As you can tell from the pic, my daylilies have seen better days. When they begin to bloom early in the season, I’m always happy to see the bright pop of yellow. By July, however, they have more brown leaves and dead shoots than I can keep up with plucking. All in all, they are just blah. Sure, there is some good left, a few blooms here and there, but by this time of year, the blooms seem to grow so near to the ground that they are hardly visible.
Last year my friend told me that her grandmother always cuts her daylilies back with good results. So this year, I’ve decided to try it. It’s been about two weeks now since I cut them back and so far so good. We’ve had some rain, so the new leaves are growing fast. (right) I just hope for new blooms at some point.
There’s a point to all of this besides daylily care. When I garden, God often shows me much about life. Some of my greatest revelations have come through gardening. This time, He was leading me to take stock of my new season, and to comfortably release what was once my main purpose. As a mother of now grown children, I’m in unchartered territory. It’s easier to know what to do and how to help younger children. Keep them relatively clean, feed them, help them with school work. In this new season of their adult lives, I find myself wanting to do more than I should. I want to fix things they need to fix for themselves. I want to help when my help will only likely hinder. They have to grow and learn – even from their mistakes.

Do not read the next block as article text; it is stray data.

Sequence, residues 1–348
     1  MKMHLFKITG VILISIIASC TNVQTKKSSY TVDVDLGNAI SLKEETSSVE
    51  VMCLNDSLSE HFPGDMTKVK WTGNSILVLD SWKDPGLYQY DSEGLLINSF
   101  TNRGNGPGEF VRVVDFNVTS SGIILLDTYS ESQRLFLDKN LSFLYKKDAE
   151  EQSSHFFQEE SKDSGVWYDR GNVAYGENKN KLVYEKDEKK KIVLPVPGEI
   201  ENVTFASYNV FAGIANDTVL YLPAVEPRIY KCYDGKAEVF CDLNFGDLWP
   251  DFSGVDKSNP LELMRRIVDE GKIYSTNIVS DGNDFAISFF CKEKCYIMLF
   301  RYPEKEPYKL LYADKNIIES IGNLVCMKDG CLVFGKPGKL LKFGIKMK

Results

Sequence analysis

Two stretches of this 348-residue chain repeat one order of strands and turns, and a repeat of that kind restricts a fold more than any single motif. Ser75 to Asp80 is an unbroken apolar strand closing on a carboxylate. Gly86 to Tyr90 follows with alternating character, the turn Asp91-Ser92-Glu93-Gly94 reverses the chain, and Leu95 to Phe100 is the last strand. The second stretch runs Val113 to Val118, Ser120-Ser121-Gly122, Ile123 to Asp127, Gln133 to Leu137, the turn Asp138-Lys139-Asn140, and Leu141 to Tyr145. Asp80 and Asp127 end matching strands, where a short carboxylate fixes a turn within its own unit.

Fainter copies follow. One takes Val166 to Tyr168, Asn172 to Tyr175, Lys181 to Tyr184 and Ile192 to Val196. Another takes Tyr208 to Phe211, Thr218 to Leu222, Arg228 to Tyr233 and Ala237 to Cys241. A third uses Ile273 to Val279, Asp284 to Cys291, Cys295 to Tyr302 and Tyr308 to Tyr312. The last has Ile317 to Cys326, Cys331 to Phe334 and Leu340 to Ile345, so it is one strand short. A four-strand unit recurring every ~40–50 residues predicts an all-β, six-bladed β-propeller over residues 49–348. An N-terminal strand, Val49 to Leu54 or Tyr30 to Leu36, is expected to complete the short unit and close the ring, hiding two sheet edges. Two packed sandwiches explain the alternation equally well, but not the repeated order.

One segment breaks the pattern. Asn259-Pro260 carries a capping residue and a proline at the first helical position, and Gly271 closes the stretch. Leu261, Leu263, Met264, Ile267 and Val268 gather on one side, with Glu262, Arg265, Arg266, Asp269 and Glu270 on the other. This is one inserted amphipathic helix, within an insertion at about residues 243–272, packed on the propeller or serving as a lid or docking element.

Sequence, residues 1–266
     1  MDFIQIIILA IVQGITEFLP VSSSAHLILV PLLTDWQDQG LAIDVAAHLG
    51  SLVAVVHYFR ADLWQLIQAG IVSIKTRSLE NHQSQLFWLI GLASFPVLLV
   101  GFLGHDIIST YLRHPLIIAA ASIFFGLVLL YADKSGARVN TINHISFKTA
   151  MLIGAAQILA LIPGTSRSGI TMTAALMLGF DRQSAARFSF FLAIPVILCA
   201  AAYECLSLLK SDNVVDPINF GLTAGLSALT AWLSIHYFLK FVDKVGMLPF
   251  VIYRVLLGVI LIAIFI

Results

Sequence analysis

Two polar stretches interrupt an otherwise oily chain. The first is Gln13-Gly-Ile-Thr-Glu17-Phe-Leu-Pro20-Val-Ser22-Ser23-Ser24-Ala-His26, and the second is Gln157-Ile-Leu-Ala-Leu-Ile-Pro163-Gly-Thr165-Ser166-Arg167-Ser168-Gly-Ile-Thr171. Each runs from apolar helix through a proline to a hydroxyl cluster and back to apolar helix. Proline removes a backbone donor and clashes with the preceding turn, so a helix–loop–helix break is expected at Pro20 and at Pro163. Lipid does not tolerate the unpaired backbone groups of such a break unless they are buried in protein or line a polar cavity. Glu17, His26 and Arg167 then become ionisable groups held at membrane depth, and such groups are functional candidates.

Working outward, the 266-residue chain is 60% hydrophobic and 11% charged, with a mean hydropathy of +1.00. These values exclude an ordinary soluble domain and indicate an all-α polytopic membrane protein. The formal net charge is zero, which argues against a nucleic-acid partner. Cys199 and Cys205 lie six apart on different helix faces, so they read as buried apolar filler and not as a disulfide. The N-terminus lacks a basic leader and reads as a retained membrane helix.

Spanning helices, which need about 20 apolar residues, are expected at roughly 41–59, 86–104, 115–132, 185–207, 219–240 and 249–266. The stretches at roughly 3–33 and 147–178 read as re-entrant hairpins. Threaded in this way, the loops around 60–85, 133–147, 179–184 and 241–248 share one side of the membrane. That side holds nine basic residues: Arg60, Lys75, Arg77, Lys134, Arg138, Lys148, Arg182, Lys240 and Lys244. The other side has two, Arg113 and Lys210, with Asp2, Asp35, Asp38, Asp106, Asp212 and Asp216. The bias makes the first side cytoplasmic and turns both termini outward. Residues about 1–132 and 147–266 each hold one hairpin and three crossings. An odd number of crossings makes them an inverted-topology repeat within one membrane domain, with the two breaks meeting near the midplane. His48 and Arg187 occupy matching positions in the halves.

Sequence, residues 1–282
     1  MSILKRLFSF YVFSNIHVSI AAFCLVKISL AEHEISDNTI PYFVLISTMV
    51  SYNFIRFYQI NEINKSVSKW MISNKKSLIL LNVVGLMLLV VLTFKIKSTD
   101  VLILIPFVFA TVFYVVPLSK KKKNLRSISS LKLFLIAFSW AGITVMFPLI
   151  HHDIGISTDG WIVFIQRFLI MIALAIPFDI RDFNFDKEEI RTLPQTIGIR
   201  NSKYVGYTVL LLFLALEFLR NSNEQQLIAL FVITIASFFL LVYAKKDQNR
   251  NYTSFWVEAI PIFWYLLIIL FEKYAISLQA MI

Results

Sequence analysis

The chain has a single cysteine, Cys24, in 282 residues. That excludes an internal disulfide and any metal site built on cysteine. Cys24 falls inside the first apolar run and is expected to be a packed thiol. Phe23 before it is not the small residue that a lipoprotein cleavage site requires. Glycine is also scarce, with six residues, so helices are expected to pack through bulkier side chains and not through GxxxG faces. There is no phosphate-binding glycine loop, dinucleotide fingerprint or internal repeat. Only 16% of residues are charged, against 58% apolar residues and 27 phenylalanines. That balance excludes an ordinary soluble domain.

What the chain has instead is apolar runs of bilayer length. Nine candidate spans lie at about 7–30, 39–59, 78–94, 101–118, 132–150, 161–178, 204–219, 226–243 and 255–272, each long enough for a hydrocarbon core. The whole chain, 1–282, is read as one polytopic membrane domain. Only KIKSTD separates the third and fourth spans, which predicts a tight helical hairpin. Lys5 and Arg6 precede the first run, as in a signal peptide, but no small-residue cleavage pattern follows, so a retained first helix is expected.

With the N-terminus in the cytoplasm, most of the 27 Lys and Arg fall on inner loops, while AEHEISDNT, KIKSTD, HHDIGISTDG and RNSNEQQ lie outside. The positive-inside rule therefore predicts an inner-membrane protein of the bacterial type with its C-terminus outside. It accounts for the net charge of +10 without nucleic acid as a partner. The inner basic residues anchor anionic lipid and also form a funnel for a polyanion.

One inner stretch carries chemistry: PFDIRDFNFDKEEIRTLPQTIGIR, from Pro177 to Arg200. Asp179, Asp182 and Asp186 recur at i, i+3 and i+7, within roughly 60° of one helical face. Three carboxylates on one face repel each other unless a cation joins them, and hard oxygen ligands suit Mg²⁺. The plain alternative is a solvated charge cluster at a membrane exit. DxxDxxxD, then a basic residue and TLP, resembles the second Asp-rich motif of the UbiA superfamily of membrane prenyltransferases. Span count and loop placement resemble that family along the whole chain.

As I cut the old leaves away, ones that were once beautiful and colorful, I saw myself. I’m not a young mom now. That causes sadness so real it’s nearly palpable. They aren’t little and gooey and cute any more. I’m no longer the center of their universe, and if I’m healthy, they can’t be mine.
Yes, being a mom of little guys was a wonderful season, but now there’s new work ahead of me, a new season of growth. I have to prune back the old to allow the new to breathe. I have to cut back what was once receiving all my energy in order to allow new leaves and stems and blooms to flourish. I still have much to offer my children, but it needs to be based on a healthy relationship, not one where I’m hanging on because I worry about them, or because it’s comfortable for me to still focus on what I know.
It’s scary to let God have their messes, but since I’ve seen me on even my best day, I know He’s way more capable of directing their future than I am. And it’s not just about them and wanting to “do” for them. You know what I mean if you have children who are getting older. For years they were your identity. You were Mom. Now, with children who need you less, who are you? That’s what the new season is all about, allowing God to show you and me who we are to Him and who He wants to transform us into. There’s no telling what’s there beneath all the browning old leaves. We have to allow Him to cut them away. You and I have a new season to bloom, older mom. Some of God’s best blooms can come out of this season. Don’t underestimate the plans he still has for you. He has better days ahead.
From one mom to another, no matter your season or if you are a spiritual parent rather than a biological one, I’m saying, it’s okay to step into a new season. Allow yourself to grow and blossom wherever you’re planted.
Many blessings and blooms to you,